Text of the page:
If you've heard of My Little Pony, you've probably also heard about “Bronies,” the zealous (and somewhat suspect) brotherhood of adult male fans. But to focus too closely on the Brony phenomenon is to wade in shallow water and pretend to know the ocean. My Little Pony is a worldview, and a way of life, for millions of non-creepy people who find the show entertaining and amusing, yes, but who also say it provides them with the personal guidance, moral ­lessons, and comforting perspective that previous generations used to find in places like church. Fans refer to the show itself — 91 episodes in four seasons, with a fifth to come in 2015 — as “the canon,” and over at Equestria Daily, the largest fan site, they participate in something like midrash, avidly hashing over references, meanings, and inconsistencies. But there's also a whole world of apocrypha — art, video games, music, T-shirts, and fiction — created by fans and based loosely on the canon but jumping off in unorthodox directions. It's not unusual to find online Pony versions of other cults: Super Mario Pony, Minecraft Pony, Dr. Who Pony, and, my favorite, My Little Game of Thronies.

My daughter suggested that we start from the beginning, and so we did. Once upon a time, in a mythical, magical, distant past, Equestria was ruled by two sister pony princesses, one black and one white, hybrids of a supernatural kind — “alicorns,” my daughter whispered authoritatively. Celestia, the white princess, was in charge of the sun, and Luna, the black one, ­controlled the moon. The sisters reigned harmoniously until Luna began to notice that the ponies of Equestria frolicked and played under her big sister's watch, but under her own, they did nothing but sleep. Jealousy turned Luna into the monster Nightmare Moon, a villainess who threatened to plunge all of Equestria into perpetual darkness. To save Equestria, Celestia was forced to take a stand against her sister. Calling upon her most potent magic, she invoked the mysterious “Elements of ­Harmony” and cast a spell that banished Nightmare Moon to the moon.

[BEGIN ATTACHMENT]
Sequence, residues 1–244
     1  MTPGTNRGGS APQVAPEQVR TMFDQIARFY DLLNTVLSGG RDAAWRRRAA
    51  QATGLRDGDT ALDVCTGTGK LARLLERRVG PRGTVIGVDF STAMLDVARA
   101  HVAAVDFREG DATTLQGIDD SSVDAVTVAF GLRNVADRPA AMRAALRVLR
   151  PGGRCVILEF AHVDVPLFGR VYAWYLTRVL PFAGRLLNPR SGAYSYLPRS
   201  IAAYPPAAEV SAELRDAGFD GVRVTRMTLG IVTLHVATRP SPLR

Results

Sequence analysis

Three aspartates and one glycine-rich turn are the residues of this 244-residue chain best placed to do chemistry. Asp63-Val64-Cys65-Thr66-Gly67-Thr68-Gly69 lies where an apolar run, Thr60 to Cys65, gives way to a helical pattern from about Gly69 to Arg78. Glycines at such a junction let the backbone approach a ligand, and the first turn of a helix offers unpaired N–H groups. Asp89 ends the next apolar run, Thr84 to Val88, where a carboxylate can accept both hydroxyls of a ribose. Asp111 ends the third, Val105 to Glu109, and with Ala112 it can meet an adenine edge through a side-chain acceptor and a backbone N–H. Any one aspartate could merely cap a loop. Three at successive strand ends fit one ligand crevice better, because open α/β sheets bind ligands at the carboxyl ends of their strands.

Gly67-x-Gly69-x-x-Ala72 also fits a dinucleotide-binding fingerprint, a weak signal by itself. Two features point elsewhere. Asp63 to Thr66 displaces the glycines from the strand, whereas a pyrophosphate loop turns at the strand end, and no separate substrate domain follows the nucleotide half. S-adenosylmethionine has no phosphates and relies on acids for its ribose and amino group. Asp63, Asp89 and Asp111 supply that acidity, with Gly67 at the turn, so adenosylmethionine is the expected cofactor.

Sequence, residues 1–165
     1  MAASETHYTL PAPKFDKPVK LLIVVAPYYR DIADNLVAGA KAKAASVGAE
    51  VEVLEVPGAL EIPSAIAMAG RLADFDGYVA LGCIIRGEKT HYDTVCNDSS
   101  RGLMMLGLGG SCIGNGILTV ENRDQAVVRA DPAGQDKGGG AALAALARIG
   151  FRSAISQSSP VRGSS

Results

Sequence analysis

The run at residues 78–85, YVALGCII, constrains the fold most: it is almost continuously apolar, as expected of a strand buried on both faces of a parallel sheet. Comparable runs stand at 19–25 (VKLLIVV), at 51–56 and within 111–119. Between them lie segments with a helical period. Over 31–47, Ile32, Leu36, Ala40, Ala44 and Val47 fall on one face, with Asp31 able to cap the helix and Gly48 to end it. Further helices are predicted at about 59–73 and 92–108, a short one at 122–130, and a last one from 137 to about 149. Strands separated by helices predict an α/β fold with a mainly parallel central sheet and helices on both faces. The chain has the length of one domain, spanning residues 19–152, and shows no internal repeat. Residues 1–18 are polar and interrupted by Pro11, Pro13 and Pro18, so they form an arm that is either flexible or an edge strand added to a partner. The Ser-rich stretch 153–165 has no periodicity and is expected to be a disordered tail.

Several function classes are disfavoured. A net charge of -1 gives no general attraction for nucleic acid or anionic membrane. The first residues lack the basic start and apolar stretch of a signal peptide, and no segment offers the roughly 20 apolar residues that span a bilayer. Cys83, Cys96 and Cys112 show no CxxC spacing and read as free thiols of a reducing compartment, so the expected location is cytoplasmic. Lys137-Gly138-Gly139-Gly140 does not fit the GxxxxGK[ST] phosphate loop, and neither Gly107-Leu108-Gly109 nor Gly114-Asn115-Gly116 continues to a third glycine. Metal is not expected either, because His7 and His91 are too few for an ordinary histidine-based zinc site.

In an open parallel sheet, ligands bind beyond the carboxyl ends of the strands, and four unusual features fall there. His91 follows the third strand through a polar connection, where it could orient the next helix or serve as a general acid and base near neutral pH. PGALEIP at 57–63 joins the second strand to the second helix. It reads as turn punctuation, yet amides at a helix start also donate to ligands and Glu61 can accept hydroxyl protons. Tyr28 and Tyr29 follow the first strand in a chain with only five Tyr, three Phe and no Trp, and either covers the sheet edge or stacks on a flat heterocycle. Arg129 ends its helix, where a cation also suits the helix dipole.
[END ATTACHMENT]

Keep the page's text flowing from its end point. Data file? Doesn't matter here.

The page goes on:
Fast-forward a thousand years to ­modern-day Canterlot, where Twilight Sparkle, a violet unicorn with magenta highlights, has her nose in some books. She is a nerd of indeterminate age who lives in a towering library with no one for company but a baby dragon named Spike. (The ponies are meant to be somewhere between 12 and 16, or very immature adults, so they might live independently but still be relatable to children.) Canterlot, with its spires and fluttering flags and pastel shrubberies, is as teeming as a Hieronymous Bosch painting and as socially striated as a middle-school campus, but Twilight is oblivious. She is an apprentice in magic to Princess Celestia, and she has studying to do. As the show opens, Twilight has stumbled in one of her volumes across a prophecy that worries her: Nightmare Moon is scheduled to return — soon — to Equestria, and reactivate her curse. Twilight doesn't know it yet, but she will need the help of a whole team of new friends to stop her.